Overall construction activity

In 2019, the Latvian GDP continued to grow and reached a rate of 2.1% (in 2018, GDP increased 4.6%). The overall construction volume in 2019 continued to increase. The gross value added of the construction industry in 2019 was around €1.85 billion, which represents7% of the total economy’s gross value added. Growth was fueled by both Latvia’s economic development and EU funded projects. The total population in Latvia declined by 0.6% compared to the previous year and was estimated at 1.9 million people. In parallel, the economically active population continued to decline. The unemployment rate is the lowest for the past 10 years. Therefore, companies in Latvia more often encounter labour shortages. In 2019, the construction industry’s total employment was 72,000, including 65,000 employed workers and 7,000 self-employed workers. In November 2019, the General Agreement of the Construction Industry (herein after – General Agreement) entered into force, setting a sectoral minimum wage. The minimum wage set by the General Agreement is €780 (€819 for qualified workers), which is 81% higher than the statutory minimum wage in Latvia. The General Agreement is an industry-driven initiative and the first general agreement in the private sector in Latvia. The effective implementation of the General Agreement is expected to significantly reduce the shadow economy, help to keep qualified workers in the country and create common decent working conditions in the entire industry.


The construction of residential buildings accounts for around 14% of total construction output. Growth in this segment is mainly fostered by the accessibility of mortgage loans. Regarding the lending trends, credit volume has fallen to its lowest level in the post-crisis period. The banks’ credit policies are more cautious than in previous years due to strict anti-money laundering rules which were recently implemented.

GDP 2019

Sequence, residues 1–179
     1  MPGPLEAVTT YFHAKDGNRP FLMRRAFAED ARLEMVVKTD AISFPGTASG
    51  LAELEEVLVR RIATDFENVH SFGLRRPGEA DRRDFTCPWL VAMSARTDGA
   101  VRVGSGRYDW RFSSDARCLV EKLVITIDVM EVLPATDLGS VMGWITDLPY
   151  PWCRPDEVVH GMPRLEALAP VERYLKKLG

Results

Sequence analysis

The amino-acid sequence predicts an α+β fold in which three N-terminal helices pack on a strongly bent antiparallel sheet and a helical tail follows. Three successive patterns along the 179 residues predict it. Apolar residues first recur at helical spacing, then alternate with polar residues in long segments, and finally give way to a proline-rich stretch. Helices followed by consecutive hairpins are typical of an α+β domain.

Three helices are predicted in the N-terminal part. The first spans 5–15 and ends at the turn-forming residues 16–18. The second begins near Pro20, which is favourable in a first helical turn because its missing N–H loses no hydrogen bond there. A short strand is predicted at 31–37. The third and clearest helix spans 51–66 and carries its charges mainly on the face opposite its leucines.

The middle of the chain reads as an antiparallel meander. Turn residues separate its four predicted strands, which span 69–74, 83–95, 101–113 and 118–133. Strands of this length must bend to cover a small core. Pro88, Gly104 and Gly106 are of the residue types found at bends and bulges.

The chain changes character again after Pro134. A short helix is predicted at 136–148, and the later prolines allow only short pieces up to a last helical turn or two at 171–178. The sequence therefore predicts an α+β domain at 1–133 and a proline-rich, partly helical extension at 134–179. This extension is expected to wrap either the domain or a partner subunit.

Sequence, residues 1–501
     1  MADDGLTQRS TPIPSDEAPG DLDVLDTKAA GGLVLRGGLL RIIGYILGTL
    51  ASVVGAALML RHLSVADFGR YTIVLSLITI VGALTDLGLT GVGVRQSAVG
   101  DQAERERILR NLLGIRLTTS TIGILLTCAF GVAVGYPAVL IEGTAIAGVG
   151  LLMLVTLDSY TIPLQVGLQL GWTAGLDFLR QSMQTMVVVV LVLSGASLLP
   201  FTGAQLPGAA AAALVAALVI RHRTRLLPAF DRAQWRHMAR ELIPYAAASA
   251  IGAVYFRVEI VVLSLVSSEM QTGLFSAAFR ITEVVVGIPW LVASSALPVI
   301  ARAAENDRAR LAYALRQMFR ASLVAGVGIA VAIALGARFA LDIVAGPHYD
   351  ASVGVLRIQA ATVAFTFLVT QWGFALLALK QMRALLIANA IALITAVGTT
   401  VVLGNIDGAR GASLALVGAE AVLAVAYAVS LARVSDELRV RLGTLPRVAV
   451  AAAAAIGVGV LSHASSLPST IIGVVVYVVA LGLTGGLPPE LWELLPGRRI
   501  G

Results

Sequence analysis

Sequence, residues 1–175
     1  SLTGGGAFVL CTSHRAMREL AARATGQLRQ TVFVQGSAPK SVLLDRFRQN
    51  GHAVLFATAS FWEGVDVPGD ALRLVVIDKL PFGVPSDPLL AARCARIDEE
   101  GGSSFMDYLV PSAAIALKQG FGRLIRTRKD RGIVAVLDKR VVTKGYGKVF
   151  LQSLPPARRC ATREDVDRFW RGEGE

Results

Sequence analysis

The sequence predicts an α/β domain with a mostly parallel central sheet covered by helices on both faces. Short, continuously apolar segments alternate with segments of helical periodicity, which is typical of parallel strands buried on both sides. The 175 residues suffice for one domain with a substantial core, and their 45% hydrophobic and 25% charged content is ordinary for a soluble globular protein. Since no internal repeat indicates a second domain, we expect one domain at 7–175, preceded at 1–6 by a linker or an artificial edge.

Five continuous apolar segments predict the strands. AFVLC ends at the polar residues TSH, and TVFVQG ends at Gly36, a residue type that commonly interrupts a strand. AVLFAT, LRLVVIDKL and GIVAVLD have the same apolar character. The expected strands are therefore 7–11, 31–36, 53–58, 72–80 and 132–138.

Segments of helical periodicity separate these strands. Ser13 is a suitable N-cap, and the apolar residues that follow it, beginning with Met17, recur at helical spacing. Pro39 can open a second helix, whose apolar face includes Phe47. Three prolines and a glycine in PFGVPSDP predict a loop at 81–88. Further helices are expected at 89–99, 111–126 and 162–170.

Total investment in construction in 2019


Non-residential construction

Construction of non-residential buildings (offices, hotels, factories, schools, hospitals etc.) contributes to around 45% of the total construction activity. Growth in this segment is mainly linked to the 0% income tax on reinvested earnings adopted in 2018.

Civil engineering

Civil engineering (roads, streets, bridges, ports etc.) accounts for around 42% of the industry’s activities. It is substantially influenced by public procurement and the availability of EU funds. Considering that the funding period of 2014 – 2020 is coming to an end, the cessation of EU funding might have a negative impact on construction activity.

Per cent variation of investment in real terms on previous year
investment Mln. € fixed prices
  Sectors 2019a 2016 2017 2018 2019a 2020b
1. Building 1,232 -2.5 12.1 19.9 9.7 NA
    1.1. Housebuilding 287 2.1 -10.1 32.2 6.0 NA
       1.1.1. New 174 10.6 13.7 3.6 7.1 NA
       1.1.2. R&M 113 -8.6 -46.6 126.0 4.3 NA
    1.2. Non residential (c) 945 -4.1 20.5 16.4 10.8 NA
       1.2.1. Private NA NA NA NA NA NA
       1.2.2. Public NA NA NA NA NA NA
2. Civil Engineering 883 -33.1 30.8 21.9 -6.5 NA
(1 + 2) Total Construction 2,116 -18.1 19.9 20.8 2.3 NA
a: estimate - b: forecast - c: incl. R&M
Number of building permits in residential construction
  2016 2017 2018 2019a 2020b
single dwelling 1,329 1,948 1,925 2,100 NA
collective dwelling 1,239 1,065 1,602 1,000 NA
other types of dwelling NA NA NA NA NA
Total 2,568 3,013 3,527 3,100 NA
(Collective dwellings and other types of buildings: in number of flats)